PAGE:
After getting back from Santa Fe, it was studio madness getting ready both the summer show here at the Bray and the Red Lodge show that were both up during the 60th anniversary celebration. Here are images of the two new pieces I put in the Bray show…
As you can see from the aerial photography, I’m now casting colored rubber into the footwells of the trays. The running joke that a fellow Californian made to me, was that the pieces are now earthquake rattle proof. This wasn’t exactly what I had intended, but sometimes I think we just can’t help to deny our roots. Anyways, I have been thinking about the reveal aspect of using these new trays I’ve been making. What happens when the pot is removed from the tray? This rubber solution first provides a bit of a surprise in terms of color. Then it furthers the line of questioning about what materials are used. Finally, the rubber changes the feeling of placing the pots back into their intended places. I have a lot more to say about this topic, that I will get back to in another post.
Moving forward, I also made two wall pieces for the Red Lodge show that was held down at the Bolder Avenue Arts Center. I couldn’t get high quality images in that space, so I will have to post those at a later time. The pieces were “Plates (8)”, and “Tumblers (8)”.
After finishing and installing both shows, the 60th Anniversary Celebration was upon us. It was an absolutely fantastic experience. I got to see a lot of old friends, and make some new ones. I had never been to a live art auction before, and this was almost unbelievable. After all was said and done, the gross was a little over $510,000 for the Bray! The Volkus went for $125,000, the Kaneko for $55,000, and in my opinion the most exciting lot of the evening was the Shaner that went for $22,500. Totally awesome. The auction was on Friday, then the Bray Bash was on Saturday. The Big Sky Mudflaps played a rockin’ show, and we danced the night away. After talking about how much fun we had, Nicole and I also realized another reason why this community is so great. On the dance floor at the same time, there were old people, young people, every race your could think of, men dancing with women, women dancing with women, men dancing with men…and nobody cared. Everyone was just dancing their hearts out after a long week. Here are a couple pics from the dance floor, and one of me and Nicole.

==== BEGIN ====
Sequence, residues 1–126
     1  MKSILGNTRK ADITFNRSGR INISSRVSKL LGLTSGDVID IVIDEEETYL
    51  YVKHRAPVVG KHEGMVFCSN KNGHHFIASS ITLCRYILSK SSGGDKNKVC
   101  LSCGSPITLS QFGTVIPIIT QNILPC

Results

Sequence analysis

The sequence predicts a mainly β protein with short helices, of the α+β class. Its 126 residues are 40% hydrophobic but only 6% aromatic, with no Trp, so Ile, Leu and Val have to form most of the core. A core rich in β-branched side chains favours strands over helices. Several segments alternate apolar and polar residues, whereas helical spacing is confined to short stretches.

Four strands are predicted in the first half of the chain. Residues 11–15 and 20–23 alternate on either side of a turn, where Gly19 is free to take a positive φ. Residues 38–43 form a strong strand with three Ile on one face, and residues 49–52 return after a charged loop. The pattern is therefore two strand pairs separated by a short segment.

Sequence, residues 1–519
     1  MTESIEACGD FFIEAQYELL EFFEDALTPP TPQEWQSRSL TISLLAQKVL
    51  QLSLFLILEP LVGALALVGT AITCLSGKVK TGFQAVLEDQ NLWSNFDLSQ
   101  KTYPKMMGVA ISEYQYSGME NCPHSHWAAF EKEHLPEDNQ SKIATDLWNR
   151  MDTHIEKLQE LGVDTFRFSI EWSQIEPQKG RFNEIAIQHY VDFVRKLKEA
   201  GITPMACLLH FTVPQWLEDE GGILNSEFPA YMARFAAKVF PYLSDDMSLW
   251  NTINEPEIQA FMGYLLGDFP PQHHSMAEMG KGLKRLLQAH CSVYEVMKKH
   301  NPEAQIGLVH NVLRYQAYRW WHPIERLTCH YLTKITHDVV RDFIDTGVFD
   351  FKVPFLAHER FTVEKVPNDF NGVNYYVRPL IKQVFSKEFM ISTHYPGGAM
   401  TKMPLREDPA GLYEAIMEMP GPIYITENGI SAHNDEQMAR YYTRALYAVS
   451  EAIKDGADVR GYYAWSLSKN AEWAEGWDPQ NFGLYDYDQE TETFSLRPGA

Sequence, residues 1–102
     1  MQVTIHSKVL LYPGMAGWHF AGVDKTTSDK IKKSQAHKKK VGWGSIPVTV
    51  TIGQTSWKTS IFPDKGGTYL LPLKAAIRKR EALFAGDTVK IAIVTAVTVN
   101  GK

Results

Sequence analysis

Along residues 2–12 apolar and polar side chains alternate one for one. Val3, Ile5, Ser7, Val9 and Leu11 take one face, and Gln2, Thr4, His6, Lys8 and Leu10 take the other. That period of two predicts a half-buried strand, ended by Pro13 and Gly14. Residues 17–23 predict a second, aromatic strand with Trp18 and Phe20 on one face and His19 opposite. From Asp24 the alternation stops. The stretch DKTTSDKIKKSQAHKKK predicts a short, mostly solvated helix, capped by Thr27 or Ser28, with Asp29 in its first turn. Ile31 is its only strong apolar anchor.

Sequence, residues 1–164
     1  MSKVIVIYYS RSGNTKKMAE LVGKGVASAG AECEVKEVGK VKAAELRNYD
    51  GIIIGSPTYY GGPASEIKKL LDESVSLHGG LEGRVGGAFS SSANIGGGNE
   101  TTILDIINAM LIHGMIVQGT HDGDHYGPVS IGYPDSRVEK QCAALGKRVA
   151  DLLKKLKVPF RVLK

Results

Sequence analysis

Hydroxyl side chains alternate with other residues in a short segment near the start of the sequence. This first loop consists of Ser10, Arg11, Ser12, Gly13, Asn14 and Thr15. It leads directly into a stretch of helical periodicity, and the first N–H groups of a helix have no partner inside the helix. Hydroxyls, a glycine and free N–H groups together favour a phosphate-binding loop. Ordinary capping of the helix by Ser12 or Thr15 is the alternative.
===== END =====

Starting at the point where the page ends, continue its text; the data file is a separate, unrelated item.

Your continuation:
After the event ended, I think everyone was ready to unwind a little bit. Nicole and didn’t really have much of a chance, since we needed to move apartments. I like moving just as much as the next person, so that was really a chore I was not excited about. However, our new apt is totally sweet, overlooking downtown Helena with a view of Mt Helena directly behind it. Huge upgrade to the street level place we lived in this past year.
After/during the move, my Dad came to town which also coincided with my birthday. Being the very generous and gracious people he and his wife are, they helped me and Nicole finish cleaning our apt. What great people! The reward was that I was able to go fishing all day with my Dad on my birthday, then went out for an awesome steak dinner at place out in Clancy called Chubby’s. One good photo, one average cell phone photo…
What an awesome time! It doesn’t seem to stop either. Nicole and I fly to LAX tonight to meet up with her sister and her fiance, then we’ll all head down to San Diego to meet up with her family for a serious 4th of July party on Ocean Beach. I keep saying to myself in somewhat disblief, ‘this is my life?’.
After SD, back in Helena for a couple quick days, then I’m headed out to Haystack Mountain School of Crafts for a Design/Architecture conference. I am very fortunate in being awarded a fellowship do go to the conference, so that is just going to be great.
That’s the “quick” update. Thanks for reading, catch ya on the flip side.